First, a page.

When to Use Towards or Toward

Instructor: David Boyles

David has a Master's in English literature. He has taught college English for 5+ years.

Is 'toward' or 'towards' the correct usage of this common word? It turns out both are acceptable, though 'toward' is more acceptable in American English while 'towards' is more acceptable in British language.

Separated by a Common Language

In a famous saying that has been widely attributed to British writer George Bernard Shaw, it has been said that the United States and Great Britain are 'two countries separated by a common language.' There is no evidence Shaw ever actually said this, but whatever its origin, the statement has struck a nerve, highlighting the sometimes frustrating differences between American and British English.

Some of the differences are obvious, such as how an 'elevator' in America is a 'lift' in Britain, but others are more subtle and confusing. One example of this is the difference between 'toward' and 'towards'.

Toward and Towards

'Toward' and 'towards' are both variants of the same word. It is a preposition, which shows connections between words in a sentence, and it means 'in the direction of.' Many people will argue that 'towards' is the more formal or proper form of the word, and 'toward' is the slang version. Other people argue just the opposite.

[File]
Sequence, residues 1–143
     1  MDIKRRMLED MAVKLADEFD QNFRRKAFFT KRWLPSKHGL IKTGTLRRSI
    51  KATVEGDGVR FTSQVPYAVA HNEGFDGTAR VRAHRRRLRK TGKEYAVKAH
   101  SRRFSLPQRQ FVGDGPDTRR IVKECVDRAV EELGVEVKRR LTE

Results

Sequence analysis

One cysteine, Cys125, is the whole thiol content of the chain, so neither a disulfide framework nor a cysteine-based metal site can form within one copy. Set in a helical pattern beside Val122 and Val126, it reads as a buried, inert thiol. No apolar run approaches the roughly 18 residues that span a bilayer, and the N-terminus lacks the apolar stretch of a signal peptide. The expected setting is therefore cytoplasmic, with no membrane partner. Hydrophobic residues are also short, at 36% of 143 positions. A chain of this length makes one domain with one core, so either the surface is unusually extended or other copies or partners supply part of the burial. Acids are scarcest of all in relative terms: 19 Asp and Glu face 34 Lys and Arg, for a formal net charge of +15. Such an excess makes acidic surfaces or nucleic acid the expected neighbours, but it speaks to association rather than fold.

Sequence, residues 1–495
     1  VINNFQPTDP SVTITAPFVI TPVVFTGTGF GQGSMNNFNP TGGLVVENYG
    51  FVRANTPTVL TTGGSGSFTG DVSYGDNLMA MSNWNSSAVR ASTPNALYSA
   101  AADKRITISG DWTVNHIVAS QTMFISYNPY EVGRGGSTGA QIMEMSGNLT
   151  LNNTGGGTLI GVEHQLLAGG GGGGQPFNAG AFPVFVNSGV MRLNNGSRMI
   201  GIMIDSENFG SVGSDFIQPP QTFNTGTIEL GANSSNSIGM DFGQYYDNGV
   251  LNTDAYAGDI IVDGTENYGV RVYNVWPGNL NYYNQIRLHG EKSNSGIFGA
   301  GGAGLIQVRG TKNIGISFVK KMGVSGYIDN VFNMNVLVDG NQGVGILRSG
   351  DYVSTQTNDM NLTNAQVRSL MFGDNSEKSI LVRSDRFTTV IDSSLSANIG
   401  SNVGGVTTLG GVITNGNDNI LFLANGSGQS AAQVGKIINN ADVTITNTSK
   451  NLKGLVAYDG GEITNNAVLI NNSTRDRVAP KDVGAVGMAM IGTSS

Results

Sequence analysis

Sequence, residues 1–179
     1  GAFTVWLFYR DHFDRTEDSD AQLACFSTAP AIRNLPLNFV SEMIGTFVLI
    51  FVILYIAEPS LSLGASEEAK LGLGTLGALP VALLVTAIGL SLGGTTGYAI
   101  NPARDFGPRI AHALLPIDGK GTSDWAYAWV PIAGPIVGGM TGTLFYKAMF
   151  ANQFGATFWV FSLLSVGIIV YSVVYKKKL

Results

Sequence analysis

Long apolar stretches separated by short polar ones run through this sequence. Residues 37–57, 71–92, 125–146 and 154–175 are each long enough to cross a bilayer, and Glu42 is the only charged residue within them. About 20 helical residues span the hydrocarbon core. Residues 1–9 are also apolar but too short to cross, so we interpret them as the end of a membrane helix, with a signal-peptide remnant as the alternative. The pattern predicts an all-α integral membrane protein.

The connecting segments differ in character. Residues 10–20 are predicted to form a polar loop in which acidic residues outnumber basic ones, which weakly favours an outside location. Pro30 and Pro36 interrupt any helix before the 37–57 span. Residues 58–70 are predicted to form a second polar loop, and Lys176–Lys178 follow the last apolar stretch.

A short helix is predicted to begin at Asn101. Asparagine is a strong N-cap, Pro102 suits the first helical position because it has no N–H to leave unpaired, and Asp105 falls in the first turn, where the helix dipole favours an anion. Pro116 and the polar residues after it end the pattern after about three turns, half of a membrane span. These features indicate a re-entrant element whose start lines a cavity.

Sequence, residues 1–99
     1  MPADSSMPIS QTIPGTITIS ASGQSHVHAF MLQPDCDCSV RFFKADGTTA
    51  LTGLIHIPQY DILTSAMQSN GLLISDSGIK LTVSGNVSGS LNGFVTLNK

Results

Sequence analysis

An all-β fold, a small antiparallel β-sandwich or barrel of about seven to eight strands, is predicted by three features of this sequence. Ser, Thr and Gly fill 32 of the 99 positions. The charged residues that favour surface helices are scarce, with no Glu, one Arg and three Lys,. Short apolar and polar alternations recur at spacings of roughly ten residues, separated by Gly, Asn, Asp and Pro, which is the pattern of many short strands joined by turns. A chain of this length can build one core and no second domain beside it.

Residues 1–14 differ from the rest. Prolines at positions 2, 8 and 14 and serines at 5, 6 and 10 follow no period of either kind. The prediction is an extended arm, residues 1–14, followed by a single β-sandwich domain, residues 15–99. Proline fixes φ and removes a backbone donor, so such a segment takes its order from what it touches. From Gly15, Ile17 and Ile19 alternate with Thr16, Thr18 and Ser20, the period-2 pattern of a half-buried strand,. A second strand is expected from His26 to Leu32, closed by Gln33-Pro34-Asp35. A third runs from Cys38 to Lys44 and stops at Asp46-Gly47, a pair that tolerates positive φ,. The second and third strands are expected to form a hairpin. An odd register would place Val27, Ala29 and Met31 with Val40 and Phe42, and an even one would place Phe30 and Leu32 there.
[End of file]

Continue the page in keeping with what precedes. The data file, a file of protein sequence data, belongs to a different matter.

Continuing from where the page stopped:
The truth is that most experts on grammar and usage agree that neither is more formal or correct than the other. The only difference seems to be that 'toward' is more often used in American and Canadian English and 'towards' is more often used in Great Britain and other English-speaking countries outside of North America. However, there are plenty of exceptions even to this rule, as you will often see 'toward' used in British publications and vice versa.

Basically, the difference between 'toward' and 'towards' is the same as the difference between 'elevator' and 'lift'. Neither is more 'correct', it just depends on where you're at.


So how do you use both 'toward' and 'towards'? As mentioned above, it is a preposition that is used to indicate direction. Let's look at it in a couple of sentences. First, let's see the American usage, 'toward':

  • I walked toward the front door.
  • Sally threw the ball toward Jane.
  • The dog ran toward the ball.

Now here are those same sentences with the British usage, 'towards':

  • I walked towards the front door.
  • Sally threw the ball towards Jane.
  • The dog ran towards the ball.

You can see that the meaning of the word is clear in both, and neither is more 'formal' than the other.

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